The Horse Boy

Director: Michel Orion Scott
Running time: 94’ - USA, 2008

Director’s Bio
 

Michel Orion Scott after earning a degree in film from the University of Texas at Austin, where he also studied modern dance, he took on a diverse range of projects ranging from set construction and design on Hollywood features to abstract experimental work and documentaries. My Father in the River took him to the heart of the Bolivian rainforest, where he worked with the indigenous Moseten Indians of the region, using them as actors, extras and crewmembers in a truly collaborative effort. He has recently created promotional films for companies such as The Indigenous Land Rights Fund, Sol Education Abroad, and MAPAJO, an indigenous rights organization and eco-tourism company. The Horse Boy marks Scott’s debut as a feature film director.



Contact Director
 
Michel Orion Scott
Tel: 001512-825-3484
E-mail: michelorions@gmail.com


Festival-Screenings
 
2009 Sundance
2009 SXSW
2009 IDFA Official selection
 

Zeitgeist Films US 

 

ITVS US TV

  BBC UK

Director, Cinematographer: Michel Orion Scott

 

Producer: Rupert Isaacson

 

Narration: Rupert Isaacson

 

Original Music: Kim Carroll, Lili Haydn

 

Editor: Rita K. Sanders

 
Location Sound: Justin Hennard  

Sound Re-recording Mixer: Matt Ludwick  

 

Second Camera: Jeremy Bailey, Alex Daboub

 

Synopsis
 

This film explores one family's unforgettable journey as they travel halfway across the world in search of a miracle to heal their son. A sweeping and emotionally charged story, the film embodies the openness and faith the Isaacson family places in the possibility of trying something extraordinary. After feeling traditional medicine had failed them, journalist Rupert Isaacson embarked with wife Kristin and 5 year old autistic son Rowan by horseback to seek help from legendary shamans in Northern Mongolia. The results of the trip are simply astonishing. Variety reviewer Peter Debruge said, “This compelling docu presents its story via multiple access points: the subject of autism, the notion of alternative healing and the simple travelogue appeal of an excursion to remote, untamed Mongolia”.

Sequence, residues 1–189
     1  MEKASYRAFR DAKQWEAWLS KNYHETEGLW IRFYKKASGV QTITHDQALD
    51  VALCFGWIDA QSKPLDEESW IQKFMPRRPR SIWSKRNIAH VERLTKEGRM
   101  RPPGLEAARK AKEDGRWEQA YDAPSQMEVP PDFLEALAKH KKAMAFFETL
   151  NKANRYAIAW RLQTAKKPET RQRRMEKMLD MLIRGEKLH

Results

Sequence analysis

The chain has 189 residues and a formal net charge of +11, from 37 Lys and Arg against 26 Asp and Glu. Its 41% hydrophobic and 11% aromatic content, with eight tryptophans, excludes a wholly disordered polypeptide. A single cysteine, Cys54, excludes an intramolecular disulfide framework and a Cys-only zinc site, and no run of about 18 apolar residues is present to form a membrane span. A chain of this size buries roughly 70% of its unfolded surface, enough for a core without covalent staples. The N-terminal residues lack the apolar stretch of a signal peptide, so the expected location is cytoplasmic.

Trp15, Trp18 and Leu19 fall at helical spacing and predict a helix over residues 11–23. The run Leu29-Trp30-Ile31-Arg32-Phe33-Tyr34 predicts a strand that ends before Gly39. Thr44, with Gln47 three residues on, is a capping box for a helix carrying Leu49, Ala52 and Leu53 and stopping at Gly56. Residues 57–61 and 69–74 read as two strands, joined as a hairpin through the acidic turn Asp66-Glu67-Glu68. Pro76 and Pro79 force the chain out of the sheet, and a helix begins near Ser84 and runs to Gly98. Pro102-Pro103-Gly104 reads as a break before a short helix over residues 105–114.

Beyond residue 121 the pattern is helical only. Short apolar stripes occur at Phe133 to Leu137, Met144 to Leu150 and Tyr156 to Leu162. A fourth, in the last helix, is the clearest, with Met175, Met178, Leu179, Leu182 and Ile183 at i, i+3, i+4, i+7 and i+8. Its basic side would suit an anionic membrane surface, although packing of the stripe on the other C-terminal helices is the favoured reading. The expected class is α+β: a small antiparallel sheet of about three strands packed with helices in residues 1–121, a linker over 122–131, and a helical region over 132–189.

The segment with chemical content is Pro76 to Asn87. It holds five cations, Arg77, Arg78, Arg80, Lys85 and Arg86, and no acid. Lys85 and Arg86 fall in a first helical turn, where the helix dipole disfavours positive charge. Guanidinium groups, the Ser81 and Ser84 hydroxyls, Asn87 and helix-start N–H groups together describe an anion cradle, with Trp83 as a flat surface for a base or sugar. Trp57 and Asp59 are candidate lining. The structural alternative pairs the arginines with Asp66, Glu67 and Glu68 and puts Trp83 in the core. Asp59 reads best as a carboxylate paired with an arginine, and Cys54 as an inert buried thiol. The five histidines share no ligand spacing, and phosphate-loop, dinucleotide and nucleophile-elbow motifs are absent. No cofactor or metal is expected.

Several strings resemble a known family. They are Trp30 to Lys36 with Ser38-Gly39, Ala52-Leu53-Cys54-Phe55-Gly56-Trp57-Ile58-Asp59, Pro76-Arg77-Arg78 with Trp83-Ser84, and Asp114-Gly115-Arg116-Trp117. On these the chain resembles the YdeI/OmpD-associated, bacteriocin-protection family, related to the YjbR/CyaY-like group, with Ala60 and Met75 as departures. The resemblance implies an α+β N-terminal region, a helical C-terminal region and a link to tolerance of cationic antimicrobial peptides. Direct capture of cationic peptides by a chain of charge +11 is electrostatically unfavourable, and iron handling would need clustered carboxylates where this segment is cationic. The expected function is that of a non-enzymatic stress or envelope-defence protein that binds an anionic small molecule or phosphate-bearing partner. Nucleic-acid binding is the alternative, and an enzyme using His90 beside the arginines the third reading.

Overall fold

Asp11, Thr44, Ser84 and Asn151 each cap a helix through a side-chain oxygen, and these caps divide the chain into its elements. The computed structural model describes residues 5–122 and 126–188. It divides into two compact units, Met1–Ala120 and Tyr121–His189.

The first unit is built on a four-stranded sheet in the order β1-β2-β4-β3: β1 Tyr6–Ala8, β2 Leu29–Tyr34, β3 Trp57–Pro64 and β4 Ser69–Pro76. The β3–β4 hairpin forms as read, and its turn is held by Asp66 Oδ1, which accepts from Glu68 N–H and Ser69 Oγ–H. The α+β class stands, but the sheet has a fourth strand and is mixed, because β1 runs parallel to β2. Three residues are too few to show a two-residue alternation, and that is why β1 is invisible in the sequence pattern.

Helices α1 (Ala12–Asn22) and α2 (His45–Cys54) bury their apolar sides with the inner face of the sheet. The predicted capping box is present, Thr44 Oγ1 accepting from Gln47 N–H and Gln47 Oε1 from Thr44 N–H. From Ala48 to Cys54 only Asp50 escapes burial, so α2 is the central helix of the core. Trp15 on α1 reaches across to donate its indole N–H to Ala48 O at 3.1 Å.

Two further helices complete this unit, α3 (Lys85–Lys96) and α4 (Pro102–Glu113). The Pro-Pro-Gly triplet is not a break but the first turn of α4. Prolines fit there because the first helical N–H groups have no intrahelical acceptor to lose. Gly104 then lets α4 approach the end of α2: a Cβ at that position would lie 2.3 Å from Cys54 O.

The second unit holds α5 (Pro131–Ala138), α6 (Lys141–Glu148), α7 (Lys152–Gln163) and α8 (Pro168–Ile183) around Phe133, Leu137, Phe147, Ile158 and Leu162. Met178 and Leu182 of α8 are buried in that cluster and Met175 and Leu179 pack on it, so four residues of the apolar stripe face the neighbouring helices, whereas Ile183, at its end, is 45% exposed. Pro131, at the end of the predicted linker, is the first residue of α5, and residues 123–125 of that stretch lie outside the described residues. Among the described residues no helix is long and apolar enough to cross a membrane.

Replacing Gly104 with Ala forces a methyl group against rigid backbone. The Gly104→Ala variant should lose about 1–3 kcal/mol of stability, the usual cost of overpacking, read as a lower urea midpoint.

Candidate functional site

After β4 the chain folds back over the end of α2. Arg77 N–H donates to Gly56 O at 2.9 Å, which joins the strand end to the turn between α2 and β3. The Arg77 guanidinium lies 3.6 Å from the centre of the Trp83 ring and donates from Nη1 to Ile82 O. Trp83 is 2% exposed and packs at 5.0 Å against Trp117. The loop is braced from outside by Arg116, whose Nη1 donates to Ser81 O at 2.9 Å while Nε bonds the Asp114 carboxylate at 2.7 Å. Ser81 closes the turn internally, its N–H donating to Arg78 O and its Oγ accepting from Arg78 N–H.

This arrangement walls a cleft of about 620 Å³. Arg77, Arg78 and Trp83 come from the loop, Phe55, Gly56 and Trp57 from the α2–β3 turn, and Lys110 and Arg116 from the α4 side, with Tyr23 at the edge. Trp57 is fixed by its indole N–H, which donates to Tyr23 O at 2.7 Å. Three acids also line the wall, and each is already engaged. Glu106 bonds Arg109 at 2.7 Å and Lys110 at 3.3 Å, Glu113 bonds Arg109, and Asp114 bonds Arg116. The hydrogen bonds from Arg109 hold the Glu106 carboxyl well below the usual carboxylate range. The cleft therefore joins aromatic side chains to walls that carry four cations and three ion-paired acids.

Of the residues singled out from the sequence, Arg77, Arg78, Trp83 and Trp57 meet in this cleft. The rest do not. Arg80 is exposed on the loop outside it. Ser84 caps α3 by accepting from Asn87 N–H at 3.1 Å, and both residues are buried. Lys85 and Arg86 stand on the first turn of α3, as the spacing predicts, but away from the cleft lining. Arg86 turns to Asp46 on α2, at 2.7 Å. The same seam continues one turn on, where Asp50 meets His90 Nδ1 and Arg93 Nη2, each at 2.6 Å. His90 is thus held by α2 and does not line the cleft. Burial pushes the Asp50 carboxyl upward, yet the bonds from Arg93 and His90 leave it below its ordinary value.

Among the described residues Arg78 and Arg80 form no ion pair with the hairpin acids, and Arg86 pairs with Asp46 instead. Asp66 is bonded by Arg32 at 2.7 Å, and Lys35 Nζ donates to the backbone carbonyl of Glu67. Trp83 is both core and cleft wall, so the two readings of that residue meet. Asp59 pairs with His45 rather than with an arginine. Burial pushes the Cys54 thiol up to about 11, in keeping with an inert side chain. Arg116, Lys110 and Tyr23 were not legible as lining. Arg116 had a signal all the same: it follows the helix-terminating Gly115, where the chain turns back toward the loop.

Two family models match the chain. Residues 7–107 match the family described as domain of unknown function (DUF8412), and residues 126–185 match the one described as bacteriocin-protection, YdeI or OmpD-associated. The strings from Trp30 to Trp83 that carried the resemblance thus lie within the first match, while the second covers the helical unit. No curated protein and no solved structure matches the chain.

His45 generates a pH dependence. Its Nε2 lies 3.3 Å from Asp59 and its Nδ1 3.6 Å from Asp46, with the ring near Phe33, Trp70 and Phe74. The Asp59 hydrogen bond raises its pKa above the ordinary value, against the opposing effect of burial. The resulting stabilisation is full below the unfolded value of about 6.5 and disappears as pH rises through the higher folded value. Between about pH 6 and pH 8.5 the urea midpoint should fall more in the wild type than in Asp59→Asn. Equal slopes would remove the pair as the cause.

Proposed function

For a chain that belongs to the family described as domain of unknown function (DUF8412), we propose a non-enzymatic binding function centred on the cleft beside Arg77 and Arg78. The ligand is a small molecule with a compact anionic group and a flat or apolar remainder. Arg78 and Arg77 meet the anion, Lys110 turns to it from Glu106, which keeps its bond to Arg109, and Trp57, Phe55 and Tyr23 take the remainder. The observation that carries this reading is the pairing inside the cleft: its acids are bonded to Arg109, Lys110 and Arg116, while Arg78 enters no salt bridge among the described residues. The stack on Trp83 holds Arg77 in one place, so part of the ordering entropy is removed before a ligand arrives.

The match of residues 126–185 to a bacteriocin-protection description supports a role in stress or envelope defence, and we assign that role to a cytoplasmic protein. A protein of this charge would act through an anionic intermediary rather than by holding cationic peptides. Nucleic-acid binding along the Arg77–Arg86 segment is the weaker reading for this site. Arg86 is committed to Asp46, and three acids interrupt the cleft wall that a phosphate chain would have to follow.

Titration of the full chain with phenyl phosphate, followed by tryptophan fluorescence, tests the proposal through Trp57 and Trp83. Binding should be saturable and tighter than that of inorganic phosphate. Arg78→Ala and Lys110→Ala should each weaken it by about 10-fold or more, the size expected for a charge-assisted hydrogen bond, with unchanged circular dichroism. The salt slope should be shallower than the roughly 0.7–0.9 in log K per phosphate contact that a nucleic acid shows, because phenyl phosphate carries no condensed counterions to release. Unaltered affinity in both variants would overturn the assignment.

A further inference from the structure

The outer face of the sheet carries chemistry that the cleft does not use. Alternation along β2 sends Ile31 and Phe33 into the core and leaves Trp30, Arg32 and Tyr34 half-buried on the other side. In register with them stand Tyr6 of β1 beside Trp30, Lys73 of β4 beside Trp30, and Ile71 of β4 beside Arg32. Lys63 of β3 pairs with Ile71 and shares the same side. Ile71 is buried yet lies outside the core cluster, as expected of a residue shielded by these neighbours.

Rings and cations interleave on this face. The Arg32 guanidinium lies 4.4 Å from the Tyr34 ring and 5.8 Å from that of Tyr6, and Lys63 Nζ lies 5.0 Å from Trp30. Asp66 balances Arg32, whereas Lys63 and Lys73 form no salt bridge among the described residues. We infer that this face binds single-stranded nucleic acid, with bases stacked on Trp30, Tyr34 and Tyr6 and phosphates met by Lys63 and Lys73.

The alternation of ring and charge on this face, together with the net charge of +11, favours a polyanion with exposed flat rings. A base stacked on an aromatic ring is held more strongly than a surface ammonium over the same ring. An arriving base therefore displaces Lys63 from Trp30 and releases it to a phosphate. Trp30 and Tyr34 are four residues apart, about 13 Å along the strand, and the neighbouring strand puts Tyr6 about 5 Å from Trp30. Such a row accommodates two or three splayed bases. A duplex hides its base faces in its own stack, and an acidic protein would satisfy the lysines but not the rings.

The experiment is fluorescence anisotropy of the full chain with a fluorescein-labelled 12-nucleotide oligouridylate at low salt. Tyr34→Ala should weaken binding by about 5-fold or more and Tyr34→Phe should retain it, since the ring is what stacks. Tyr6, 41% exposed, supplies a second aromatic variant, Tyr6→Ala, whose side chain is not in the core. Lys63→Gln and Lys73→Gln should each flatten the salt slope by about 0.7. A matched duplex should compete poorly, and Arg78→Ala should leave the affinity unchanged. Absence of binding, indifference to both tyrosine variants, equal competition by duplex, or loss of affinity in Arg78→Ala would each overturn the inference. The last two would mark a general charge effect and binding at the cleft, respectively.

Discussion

World sales
 
Andrew Herwitz
165 Madison Ave., Suite 601
New York, NY 10016
p: (212) 481-5020


Director’s Statement
 

Rupert Isaacson and I began to talk about creating a film about the Bushmen, one that would help them in their fight for survival. A few months into pre-production he told me about his son Rowan, who had been diagnosed with autism. Rupert had decided to take Rowan to Mongolia and travel on horseback throughout the country in search of the mysterious shamans he was somehow sure could help heal his son. He asked me to come with them and record their trip. With a gulp, I said, “Yes, of course.” As I galloped across the countryside I was thrown from my horse, contracted giardia and faced each day with a level of aching soreness beyond what I had ever experienced. And all of this for a film? Yes, but even more for the sake of an autistic boy whose parents were willing to go literally to the ends of the earth to find healing for their son.